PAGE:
As a parent would you demand this child pass the course?

@pilbara (1436)
Australia
May 31, 2007 9:01pm CST
If you were given this example would you expect this child to pass this course? The student has not done any of the required work assignments. The student was offered help on many different occasions but didn't take it. The parents have been notified of this in writing 8 times over a 4 month period. They did not respond to the first 7 letters. The parents did not attend parent teacher interviews. The parents were written a final letter stating that no work had been handed in and that the deadline for completing all work is today. This letter was written 2 weeks ago. Today the parents call and say that their child should have an extension to complete the work and pass the course. Under these circumstances, if you were the parent of this child would you be demanding they pass or would you accept they will fail and advise them to improve in the future?
3 people like this
12 responses
@castleghost (1304)
• United States
1 Jun 07
First off if I was the parent of this child I would be too ashamed to call the teacher to ask for an extension. Apparently I have already failed my child because of my lack of concern in the first place. I would accpet that my child and myself failed to do the teacher justice by doing our part in the childs education. A teacher can only do so much. If a child and their parent/s fail to do their part then there isn't much that can be done by the teacher to fix the situation. It sounds like the parent/s and the child need to change what is really important to them before its too late.
1 person likes this
@pilbara (1436)
• Australia
4 Jun 07
Thanks for your reply. I agree, part of it is about organisation, and doing what is needed in an appropriate time frame. Learning how to do this is a valuable skill.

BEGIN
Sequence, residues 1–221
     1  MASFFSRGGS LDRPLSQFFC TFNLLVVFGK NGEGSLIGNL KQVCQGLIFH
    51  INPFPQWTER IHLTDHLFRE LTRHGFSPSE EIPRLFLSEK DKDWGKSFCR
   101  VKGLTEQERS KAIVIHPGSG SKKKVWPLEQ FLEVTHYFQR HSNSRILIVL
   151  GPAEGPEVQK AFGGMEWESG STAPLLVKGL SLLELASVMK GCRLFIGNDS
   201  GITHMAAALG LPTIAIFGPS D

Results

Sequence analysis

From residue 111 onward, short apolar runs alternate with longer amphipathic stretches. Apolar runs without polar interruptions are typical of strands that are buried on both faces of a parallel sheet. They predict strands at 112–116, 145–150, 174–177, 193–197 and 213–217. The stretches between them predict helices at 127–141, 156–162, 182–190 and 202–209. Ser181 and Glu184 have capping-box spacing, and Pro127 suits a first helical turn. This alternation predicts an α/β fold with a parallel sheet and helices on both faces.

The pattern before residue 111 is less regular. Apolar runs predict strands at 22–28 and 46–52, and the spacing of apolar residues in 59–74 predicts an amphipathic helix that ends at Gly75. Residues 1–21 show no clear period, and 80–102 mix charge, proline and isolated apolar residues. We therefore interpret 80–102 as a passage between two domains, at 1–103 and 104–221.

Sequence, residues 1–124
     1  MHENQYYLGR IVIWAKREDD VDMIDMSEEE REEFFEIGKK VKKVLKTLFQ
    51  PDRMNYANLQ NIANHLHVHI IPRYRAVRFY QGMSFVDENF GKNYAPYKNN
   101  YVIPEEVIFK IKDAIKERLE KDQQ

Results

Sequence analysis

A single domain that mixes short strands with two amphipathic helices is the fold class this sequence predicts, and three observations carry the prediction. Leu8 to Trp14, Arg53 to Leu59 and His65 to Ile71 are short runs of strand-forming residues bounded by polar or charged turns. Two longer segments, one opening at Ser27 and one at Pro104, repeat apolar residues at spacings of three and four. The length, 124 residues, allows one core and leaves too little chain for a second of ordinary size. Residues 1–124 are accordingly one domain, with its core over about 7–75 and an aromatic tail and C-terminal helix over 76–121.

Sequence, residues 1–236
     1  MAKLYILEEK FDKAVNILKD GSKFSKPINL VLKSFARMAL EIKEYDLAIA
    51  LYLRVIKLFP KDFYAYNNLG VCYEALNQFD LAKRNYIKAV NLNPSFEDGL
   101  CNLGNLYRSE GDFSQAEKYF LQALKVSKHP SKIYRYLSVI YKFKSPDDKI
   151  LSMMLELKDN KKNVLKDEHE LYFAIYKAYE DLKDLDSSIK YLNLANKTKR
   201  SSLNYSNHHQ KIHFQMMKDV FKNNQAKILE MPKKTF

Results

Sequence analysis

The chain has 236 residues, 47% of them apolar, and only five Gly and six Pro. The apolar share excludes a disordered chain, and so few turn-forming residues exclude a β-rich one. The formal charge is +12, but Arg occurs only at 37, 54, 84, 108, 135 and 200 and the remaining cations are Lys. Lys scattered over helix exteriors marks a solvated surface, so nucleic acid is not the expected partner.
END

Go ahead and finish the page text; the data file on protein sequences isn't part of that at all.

@Woodpigeon (3710)
• Ireland
1 Jun 07
My god I would hang my head in shame if I were those parents, even if it was a single parent household with a parent who worked full time. I consider my childrens' education to be at a premium and that would just not happen in my house. I would be so embarassed if I allowed something like that to come to pass that I would certainly not be asking for further extensions. I would be looking into a military academy or asking my military academy dad if he would like to come and have a word with my boys, privately.
1 person likes this
@pilbara (1436)
• Australia
4 Jun 07
Thank you for your response. This child goes to a public school so it costs their parents a lot of money. I find it such a waste when parents make a big monetary sacrifice to get a good education for their child and the child doesn't value it at all. But I would also be ensuring that the child met their obligations as well rather than saying we've paid the money, they get through.
@lisagayle (395)
• United States
1 Jun 07
I think it is absolutly crazy for the parents to have ignored the first 7 letters and then try to get the child an extension. Where in the world were they all the other times. i also still believe that if a student does not pass a class they should have to retake the entire thing, no just make up the work. If my daughter ever did this kind of thing, even if it were only one out of her seven classes, I would demand that she be held back. She is a good student and does her work, but if the circumstances were different than that, i would keep an even closer eye o0n her grades and progress reports than I already do. My niece has gone on this "I miss my mom" trip for the last four years since her moter passed away, my brother and his wife ask her every day "do you have homework?" and her response is always "no", she flunked all but two of her seven courses. I told my brother that under no circumstances would I, if it were my daughter, let her go to the next grade and make up the course work from the previous year, she needs to get it into her head that she needs to do her work, no matter how badly she hates school, I do not know what he is going to do about it when school resumes, but I think she should be held back. I ask myself alot about whe alot of parents are in thier childrens lives, are they just too busy with thier own lives to care about thier children, they brought them into this world and need to bring them up responsibly.